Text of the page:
Purebred vs. Mixed-Breed Dogs
Choosing between a "Sure Thing" and a "Surprise Package"
Jul 18, 2009 Jacque Newman
The most common reason for choosing a purebred dog is the expectation of certain attributes. But many people choose a mixed-breed because they enjoy a unique blend
A Newfoundland dog, for instance, will most likely ensure a companion who will be extra-large in size, possess a gentle disposition, and a genuine fondness for swimming. A Jack Russell Terrier, on the other paw, will display his heritage with a small, athletic body, a fondness for digging and a happy "Gotta go!" disposition. Purebred Standards are Only Guidelines
There are Newfoundland dogs whose dispositions are less than gentle and some who prefer dry land to water. There are Jack Russells who abhor the idea of digging in the dirt and some who believe "Gotta go!" translates into "Gotta go... jump on the couch for another long snooze." Regardless of the breed type, much of a dog's temperament depends upon his environment, past experiences, and other issues. But there are inherent traits commonly known to each purebred type and potential owners should research carefully prior to making a commitment.
First-time dog owners may be wise to choose a purebred dog due to these bred-into-them predispositions. Health issues may be inherent as well which helps inexperienced owners prepare for possible upcoming veterinary bills. For instance, some breeds are more prone to certain allergies, heart problems, cancers, or sensitive digestive systems, just to name a few. Mixed-Breed Dogs: a Unique Combo of Two or More Breeds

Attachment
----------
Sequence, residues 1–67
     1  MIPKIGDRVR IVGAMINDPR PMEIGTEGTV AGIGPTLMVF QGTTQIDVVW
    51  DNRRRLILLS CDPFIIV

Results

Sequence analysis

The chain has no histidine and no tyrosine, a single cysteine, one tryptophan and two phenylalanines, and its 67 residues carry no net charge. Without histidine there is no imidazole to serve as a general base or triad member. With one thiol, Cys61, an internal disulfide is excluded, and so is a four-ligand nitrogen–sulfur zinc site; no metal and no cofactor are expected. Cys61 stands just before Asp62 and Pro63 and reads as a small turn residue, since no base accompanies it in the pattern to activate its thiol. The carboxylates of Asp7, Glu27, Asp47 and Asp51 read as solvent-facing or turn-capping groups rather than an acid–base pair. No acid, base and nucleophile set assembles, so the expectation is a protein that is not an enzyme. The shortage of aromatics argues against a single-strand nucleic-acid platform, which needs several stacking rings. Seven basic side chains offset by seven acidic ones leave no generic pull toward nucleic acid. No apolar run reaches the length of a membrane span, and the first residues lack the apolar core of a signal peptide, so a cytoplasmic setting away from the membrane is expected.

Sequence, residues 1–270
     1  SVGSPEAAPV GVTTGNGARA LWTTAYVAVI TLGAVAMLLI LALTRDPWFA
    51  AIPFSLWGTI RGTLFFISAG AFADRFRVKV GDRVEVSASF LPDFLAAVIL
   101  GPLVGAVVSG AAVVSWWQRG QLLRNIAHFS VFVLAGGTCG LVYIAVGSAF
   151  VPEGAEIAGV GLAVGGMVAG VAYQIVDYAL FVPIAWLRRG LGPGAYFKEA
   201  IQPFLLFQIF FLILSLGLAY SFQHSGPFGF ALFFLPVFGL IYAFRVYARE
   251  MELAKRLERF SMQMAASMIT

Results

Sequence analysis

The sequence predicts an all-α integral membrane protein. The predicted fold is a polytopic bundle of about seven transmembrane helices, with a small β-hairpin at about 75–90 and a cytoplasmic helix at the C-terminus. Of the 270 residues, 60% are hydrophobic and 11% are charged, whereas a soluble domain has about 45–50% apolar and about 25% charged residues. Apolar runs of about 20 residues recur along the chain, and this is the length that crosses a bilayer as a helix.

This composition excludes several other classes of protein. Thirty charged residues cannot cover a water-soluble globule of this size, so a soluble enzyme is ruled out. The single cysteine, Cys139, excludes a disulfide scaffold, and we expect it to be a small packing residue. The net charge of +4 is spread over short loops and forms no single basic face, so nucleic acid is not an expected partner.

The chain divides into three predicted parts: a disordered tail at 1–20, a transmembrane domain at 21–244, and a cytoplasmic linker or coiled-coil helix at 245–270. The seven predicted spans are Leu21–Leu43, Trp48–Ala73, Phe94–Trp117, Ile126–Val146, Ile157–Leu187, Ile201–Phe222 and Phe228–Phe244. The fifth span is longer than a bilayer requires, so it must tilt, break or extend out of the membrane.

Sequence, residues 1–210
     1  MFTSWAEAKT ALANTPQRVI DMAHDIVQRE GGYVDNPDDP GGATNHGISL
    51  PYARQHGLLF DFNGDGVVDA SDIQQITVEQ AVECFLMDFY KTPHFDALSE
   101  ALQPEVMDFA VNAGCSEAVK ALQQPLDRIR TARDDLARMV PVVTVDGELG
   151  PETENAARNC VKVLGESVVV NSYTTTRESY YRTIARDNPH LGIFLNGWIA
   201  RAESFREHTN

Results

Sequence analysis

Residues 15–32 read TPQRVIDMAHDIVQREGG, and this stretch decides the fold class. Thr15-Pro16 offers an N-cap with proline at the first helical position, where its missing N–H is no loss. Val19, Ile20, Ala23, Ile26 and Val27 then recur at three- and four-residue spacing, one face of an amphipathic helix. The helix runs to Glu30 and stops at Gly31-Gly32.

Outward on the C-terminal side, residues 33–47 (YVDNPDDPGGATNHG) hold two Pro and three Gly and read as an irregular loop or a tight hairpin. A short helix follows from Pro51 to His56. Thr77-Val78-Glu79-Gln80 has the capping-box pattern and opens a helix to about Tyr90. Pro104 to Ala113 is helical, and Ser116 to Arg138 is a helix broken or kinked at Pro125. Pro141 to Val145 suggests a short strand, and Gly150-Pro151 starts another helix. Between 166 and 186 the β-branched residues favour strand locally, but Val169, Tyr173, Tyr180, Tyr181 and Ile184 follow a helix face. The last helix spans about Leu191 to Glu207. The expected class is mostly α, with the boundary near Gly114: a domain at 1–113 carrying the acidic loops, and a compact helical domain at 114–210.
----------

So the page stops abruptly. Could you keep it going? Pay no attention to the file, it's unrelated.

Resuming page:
Many people choose a mixed-breed dog because they enjoy watching their "surprise package" unfold to reveal personality and appearance that can be overwhelming in scope. Within each mixed-breed can be two or more purebreds.
For example, a Cocker Spaniel/Poodle-mix ("Cocka-Poo"), will display traits known to each breed combined with his or her uniquely individual qualities. When researching Cocka-Poo, study the genetically-programmed traits existing within each.
A "Heinz 57" will be a mystery mixture of any number of breeds. For example, a Husky/Old English Sheepdog/Labrador Retriever-mix may have a Husky's blue eyes, a Sheepdog's coat, and a Lab's love of water. Or a Husky's luxurious tail, a Sheepdog's square body shape and a Lab's sociable nature. A mixed-breed will be a scintillating combo of whatever breed type entered that particular gene pool.
Many veterinarians agree that a mixed-breed dog enjoys "hybrid vigour," as genetically-induced health problems aren't bred into them. Careful Consideration Needed
All dogs are unique and choosing a dog of any type requires extensive research. Potential owners are advised to consider their ability to provide a dog with consistent physical and mental exercise, proper training, a good quality diet and regular veterinary care. Further advice on choosing the right dog is available from veterinarians, groomers, kennel clubs and professional dog trainers.